From Booklist, Copyright © American Library Association. Used with permission.
Billed as the first serious study of shoplifting, this is a highly informative and entertaining response to a compelling question: Why do people steal? Shteir focuses on the kind of stealing that often gets brushed under society's rug. Shoplifting, as distinguished from other kinds of stealing, is very old, nearly half-a-millennium, the word lifter being used by Shakespeare, circa 1591. About 9 percent of Americans shoplift, Shteir tells us, and as anyone who follows the tabloids is well aware, not all of them are downtrodden or desperate. Celebrity shoplifters play a key role in the book, as do boosters (people who resell stolen goods), kleptomaniacs, and Robin Hoods (those who redistribute their stolen booty). Shteir traces the legal and medical history of shoplifting, too, showing how previous generations looked more disapprovingly on shoplifting than we do at one point, it was punishable by death and how the search for . cur. led to some pretty significant discoveries in the fields of criminology and psychology. A comprehensive, thoughtful book that should get readers' mental juices stirring.--Pitt, Davi. Copyright 2010 Booklist
Copyright American Library Association, used with permission.
Its pervasiveness notwithstanding, shoplifting has received minimal scholarly attention. Unfortunately, this book falls short as a "cultural history of shoplifting." Shteir (theater, DePaul Univ.) begins by reviewing the origins of Western concepts such as ownership, theft, and punishment (which form the basis of much of her discussion). She points out that before shoplifting became a problem in the consumer-oriented commercial world (beginning in the 19th century), it was considered in the context of a philosophical debate over whether a person may ever rightly steal another's goods. In the 19th century, shoplifting became a legal and then a psychological issue; in the 20th, it became a law enforcement and major economic issue for business and government. Shteir fills the volume with cases of people caught up in the allure of stealing goods--cases both infamous (Jane Austen's aunt, Abbie Hoffman, Debra Winger) and more commonplace--and she looks at societal efforts to stop them and public attention devoted to them. But she wanders rather than analyzes, offering few conclusions about shoplifting. Furthermore, she includes very little on how less developed and non-Western societies address the issue. A better though hardly comprehensive treatment is Kerry Segrave's Shoplifting: A Social History (CH, Nov'01, 35-1637). The full study remains unwritten. Summing Up: Not recommended. C. K. Piehl Minnesota State University, Mankato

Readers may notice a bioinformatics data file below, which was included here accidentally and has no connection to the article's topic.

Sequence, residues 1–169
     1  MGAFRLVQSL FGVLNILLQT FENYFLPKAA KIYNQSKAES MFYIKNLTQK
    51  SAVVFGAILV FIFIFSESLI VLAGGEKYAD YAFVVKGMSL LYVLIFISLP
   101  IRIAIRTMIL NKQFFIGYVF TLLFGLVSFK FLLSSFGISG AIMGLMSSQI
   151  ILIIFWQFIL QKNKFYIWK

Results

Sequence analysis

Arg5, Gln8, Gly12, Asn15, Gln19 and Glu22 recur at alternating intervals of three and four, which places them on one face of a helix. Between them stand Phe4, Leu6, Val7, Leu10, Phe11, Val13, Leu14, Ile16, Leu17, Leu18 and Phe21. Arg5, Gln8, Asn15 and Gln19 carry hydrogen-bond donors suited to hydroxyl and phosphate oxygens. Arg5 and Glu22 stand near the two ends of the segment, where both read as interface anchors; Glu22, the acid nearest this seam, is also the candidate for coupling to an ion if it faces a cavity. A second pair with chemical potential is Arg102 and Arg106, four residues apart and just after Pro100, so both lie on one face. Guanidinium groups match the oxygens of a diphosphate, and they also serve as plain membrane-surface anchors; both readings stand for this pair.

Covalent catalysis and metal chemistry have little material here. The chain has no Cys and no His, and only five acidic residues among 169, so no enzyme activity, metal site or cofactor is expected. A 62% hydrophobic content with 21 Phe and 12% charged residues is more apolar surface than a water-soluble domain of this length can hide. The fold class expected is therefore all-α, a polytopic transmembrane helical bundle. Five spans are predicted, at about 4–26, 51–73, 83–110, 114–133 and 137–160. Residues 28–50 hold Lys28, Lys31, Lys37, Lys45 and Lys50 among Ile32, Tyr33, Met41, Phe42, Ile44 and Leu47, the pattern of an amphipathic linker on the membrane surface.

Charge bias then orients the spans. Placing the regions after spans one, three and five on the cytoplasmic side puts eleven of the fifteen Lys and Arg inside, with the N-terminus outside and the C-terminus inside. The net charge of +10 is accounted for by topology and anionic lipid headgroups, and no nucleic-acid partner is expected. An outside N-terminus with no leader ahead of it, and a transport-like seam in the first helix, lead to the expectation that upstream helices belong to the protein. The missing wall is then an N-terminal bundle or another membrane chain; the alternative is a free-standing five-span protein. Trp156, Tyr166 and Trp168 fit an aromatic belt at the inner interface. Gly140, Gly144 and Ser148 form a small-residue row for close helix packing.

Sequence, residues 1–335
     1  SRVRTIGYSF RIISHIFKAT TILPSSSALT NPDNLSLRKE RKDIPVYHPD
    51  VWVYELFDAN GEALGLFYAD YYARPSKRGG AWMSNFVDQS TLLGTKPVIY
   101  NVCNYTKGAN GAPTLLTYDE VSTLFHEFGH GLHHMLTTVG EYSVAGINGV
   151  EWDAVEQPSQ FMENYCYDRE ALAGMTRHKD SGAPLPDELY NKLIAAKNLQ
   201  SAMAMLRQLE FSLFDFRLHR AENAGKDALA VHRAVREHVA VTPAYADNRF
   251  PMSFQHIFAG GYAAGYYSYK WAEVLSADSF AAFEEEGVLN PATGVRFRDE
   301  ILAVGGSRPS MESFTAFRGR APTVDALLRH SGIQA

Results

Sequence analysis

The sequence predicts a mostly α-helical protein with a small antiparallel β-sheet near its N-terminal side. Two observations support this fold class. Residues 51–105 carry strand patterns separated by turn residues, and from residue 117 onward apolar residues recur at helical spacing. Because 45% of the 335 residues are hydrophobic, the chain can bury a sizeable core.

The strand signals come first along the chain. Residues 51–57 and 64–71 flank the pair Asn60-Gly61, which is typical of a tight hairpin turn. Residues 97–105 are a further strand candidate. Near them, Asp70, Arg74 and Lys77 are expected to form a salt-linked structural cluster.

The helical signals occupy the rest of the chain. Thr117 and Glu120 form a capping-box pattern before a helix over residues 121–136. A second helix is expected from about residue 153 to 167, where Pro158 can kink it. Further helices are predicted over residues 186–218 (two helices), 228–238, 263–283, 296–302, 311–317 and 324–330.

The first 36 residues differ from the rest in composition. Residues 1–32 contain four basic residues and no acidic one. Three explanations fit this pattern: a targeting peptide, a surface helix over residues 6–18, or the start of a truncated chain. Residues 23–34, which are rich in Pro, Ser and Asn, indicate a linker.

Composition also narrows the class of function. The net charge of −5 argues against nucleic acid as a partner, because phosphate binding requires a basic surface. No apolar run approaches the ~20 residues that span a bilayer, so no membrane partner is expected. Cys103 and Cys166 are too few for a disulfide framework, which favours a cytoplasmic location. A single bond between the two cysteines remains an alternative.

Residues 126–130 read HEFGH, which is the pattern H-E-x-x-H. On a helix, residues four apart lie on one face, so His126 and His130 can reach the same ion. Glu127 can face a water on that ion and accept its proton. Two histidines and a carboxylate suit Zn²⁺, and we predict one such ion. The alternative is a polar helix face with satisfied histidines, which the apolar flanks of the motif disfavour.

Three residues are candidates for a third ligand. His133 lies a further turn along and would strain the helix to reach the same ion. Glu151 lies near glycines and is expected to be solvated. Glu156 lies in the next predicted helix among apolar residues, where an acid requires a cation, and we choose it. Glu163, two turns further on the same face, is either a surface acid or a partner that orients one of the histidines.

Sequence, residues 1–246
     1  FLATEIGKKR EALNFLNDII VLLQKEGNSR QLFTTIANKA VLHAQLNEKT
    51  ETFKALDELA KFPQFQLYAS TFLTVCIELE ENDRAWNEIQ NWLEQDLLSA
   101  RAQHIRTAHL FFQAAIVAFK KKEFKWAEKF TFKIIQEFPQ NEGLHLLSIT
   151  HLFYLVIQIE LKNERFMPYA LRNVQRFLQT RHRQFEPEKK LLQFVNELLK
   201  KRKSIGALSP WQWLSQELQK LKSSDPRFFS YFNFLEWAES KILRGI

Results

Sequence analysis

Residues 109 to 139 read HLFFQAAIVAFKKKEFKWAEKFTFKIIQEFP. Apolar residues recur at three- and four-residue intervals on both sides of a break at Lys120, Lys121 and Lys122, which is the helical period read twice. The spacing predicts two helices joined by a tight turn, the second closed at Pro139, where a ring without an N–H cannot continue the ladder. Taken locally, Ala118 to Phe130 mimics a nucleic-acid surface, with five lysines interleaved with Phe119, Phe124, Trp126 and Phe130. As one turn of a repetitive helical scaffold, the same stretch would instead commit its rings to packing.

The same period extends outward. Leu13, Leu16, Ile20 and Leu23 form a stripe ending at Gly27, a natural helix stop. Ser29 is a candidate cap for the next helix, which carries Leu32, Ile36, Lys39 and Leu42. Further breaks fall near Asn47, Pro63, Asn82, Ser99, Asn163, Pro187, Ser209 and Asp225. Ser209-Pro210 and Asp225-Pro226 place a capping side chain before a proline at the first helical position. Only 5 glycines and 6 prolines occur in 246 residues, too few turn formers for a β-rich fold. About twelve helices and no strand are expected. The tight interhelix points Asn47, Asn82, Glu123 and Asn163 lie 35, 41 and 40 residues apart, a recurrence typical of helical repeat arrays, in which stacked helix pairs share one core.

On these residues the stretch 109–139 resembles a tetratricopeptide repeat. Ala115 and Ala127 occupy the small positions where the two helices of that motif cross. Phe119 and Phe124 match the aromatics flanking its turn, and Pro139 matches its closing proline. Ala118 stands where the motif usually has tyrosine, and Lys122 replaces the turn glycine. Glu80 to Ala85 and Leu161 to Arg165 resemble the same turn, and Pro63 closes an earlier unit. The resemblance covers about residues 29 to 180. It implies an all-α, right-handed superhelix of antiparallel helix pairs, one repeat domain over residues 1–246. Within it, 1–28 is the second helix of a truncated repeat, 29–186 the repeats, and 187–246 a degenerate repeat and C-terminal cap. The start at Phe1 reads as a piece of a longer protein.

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"Successful theft exhilarates," wrote Truman Capote in Breakfast at Tiffany's. Shteir's cultural history evinces that reading about it can be just as exhilarating. Shteir (Striptease) unravels the mystery of why 27 million Americans shoplift everything from condoms and Bibles to much more conspicuous items like kayaks and rugs. She interviews shoplifters who cross gender, ethnic, social, and economic lines-she is just as determined to learn why individuals are driven to do it as well as how the culture has understood it: "Is it a disease or a symbol of greed?" "What does it mean that more and more white-collar shoplifters are caught committing the crime?" Tracing the evolution of shoplifting through history (Eve, she quips, was the very first shoplifter when she swiped that apple), the responses of the police and of stores, Shteir examines its social significance and discovers that everyone from St. Augustine to Alfred Hitchcock have had an opinion on sticky-fingered shoppers. Shteir's fascination for the topic and sense of humor are infectious, and make her history of this curious, understudied crime compulsively readable. (June) (c) Copyright PWxyz, LLC. All rights reserved.
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"Shoplifting has been a sin, a crime, a confession of sexual repression, a howl of grief, a political yelp, a sign of depression, a badge of identity, and a backdoor to the American Dream," writes Shteir (criticism & dramaturgy, DePaul Univ. Theater Sch.; Gypsy: The Art of the Tease) in her introduction to this fascinating and accessible study. In tracing the cultural history of shoplifting, she lays out three main themes in society's understanding of it: as a crime, an illness, or a political act. She traces society's response to shoplifting in Western history and literature, from Plato and St. Augustine, through over 400 years of laws and punishment for petty crimes. From there she surveys the idea of kleptomania, Freudian explanations for stealing, and political justifications for shoplifting by everyone from Emma Goldman to Abby Hoffman. The second part of the book is a more contemporary history of the crime and efforts to stop it. Shteir suggests that shoplifting and society's response have more to do with our ideas of consumption and desire than they do with crime. VERDICT A well-written and notable book on an under-studied topic. Highly recommended.-Jessica Moran, California State Archives, Sacramento (c) Copyright 2011. Library Journals LLC, a wholly owned subsidiary of Media Source, Inc. No redistribution permitted.